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BioMed Research International
Volume 2017 (2017), Article ID 6073167, 8 pages
Review Article

Do miRNAs Play a Role in Fetal Growth Restriction? A Fresh Look to a Busy Corner

1Unit of Gynecology and Obstetrics, Department of Human Pathology in Adulthood and Childhood “G. Barresi”, University of Messina, Messina, Italy
2Unit of Psychodiagnostics and Clinical Psychology, University of Catania, Catania, Italy
3Department of Maternal and Child Health, Gavardo Hospital, Brescia, Italy
4Department of General Surgery and Medical Surgical Specialties, University of Catania, Catania, Italy

Correspondence should be addressed to Antonio Simone Laganà

Received 31 January 2017; Accepted 20 March 2017; Published 29 March 2017

Academic Editor: Erich Cosmi

Copyright © 2017 Benito Chiofalo et al. This is an open access article distributed under the Creative Commons Attribution License, which permits unrestricted use, distribution, and reproduction in any medium, provided the original work is properly cited.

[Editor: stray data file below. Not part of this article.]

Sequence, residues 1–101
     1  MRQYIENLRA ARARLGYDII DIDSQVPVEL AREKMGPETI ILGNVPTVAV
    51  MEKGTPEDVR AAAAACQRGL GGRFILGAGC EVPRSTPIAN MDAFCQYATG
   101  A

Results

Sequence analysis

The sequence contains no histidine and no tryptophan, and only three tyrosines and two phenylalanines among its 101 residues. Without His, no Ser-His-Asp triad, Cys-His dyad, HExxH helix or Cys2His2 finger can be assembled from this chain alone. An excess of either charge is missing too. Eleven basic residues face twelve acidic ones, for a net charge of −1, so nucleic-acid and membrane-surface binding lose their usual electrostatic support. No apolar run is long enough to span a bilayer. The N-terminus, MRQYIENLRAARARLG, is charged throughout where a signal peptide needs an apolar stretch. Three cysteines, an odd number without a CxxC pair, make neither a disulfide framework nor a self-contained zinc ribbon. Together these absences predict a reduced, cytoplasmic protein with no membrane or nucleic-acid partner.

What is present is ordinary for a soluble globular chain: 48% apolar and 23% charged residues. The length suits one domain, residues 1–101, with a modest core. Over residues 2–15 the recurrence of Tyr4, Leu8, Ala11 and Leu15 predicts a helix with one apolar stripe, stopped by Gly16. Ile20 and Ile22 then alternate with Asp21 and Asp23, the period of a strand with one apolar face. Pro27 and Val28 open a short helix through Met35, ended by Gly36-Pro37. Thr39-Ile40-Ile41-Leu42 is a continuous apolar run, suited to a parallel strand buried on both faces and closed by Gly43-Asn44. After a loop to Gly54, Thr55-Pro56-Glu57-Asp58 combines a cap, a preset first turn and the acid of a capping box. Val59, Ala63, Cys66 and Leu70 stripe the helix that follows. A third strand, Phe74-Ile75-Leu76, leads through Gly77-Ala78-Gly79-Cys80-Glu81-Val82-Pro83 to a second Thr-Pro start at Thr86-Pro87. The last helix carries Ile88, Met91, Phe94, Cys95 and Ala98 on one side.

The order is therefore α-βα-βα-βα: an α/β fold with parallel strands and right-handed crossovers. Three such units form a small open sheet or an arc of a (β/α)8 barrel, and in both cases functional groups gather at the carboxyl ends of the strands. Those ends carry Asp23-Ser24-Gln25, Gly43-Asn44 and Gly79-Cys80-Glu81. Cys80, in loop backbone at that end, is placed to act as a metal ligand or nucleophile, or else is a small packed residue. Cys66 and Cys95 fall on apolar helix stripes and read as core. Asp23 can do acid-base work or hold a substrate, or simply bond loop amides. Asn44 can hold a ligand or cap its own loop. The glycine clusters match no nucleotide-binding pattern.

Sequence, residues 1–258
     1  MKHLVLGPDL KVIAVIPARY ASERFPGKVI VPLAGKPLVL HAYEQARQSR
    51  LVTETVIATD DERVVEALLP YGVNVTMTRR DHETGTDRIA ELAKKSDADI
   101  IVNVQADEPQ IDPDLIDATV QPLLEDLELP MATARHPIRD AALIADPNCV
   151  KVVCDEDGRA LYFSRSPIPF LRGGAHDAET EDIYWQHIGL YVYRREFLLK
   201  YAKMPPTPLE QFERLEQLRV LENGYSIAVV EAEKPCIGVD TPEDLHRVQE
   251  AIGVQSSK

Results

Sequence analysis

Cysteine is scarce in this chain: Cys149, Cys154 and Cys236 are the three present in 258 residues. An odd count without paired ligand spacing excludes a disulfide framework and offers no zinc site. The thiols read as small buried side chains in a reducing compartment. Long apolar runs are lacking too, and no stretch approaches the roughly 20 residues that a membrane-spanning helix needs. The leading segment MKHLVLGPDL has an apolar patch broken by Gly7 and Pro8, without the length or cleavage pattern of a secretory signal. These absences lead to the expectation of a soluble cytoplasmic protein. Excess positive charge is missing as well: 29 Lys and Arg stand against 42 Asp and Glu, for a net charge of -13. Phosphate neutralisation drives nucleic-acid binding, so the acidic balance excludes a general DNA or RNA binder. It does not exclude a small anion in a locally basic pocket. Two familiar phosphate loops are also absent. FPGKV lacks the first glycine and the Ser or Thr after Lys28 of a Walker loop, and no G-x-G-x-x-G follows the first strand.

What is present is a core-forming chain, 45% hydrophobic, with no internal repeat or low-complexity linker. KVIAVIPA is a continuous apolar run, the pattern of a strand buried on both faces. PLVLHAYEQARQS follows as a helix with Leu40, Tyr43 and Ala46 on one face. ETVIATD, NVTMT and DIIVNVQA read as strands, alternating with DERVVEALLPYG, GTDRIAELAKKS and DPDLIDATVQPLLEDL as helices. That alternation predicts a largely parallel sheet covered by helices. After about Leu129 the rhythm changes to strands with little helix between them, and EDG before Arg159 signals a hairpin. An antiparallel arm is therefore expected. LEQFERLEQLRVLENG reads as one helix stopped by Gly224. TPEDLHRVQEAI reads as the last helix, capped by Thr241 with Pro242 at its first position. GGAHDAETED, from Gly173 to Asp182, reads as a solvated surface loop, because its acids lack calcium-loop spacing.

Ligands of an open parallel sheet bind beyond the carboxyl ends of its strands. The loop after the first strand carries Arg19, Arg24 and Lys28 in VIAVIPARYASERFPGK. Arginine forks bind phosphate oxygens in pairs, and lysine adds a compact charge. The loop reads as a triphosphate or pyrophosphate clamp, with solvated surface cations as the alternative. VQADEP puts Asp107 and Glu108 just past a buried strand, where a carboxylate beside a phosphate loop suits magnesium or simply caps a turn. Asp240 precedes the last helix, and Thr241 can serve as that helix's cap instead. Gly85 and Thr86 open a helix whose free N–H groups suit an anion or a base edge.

Placenta is the crucial organ for embryo and fetus development and plays a critical role in the development of fetal growth restriction (FGR). There are increasing evidences on the role of microRNAs (miRNAs) in a variety of pregnancy-related complications such as preeclampsia and FGR. More than 1880 miRNAs have been reported in humans and most of them are expressed in placenta. In this paper, we aimed to review the current evidence about the topic. According to retrieved data, controversial results about placental expression of miRNAs could be due (at least in part) to the different experimental methods used by different groups. Despite the fact that several authors have demonstrated a relatively easy and feasible detection of some miRNAs in maternal whole peripheral blood, costs of these tests should be reduced in order to increase cohorts and have stronger evidence. In this regard, we take the opportunity to solicit future studies on large cohort and adequate statistical power, in order to identify a panel of biomarkers on maternal peripheral blood for early diagnosis of FGR.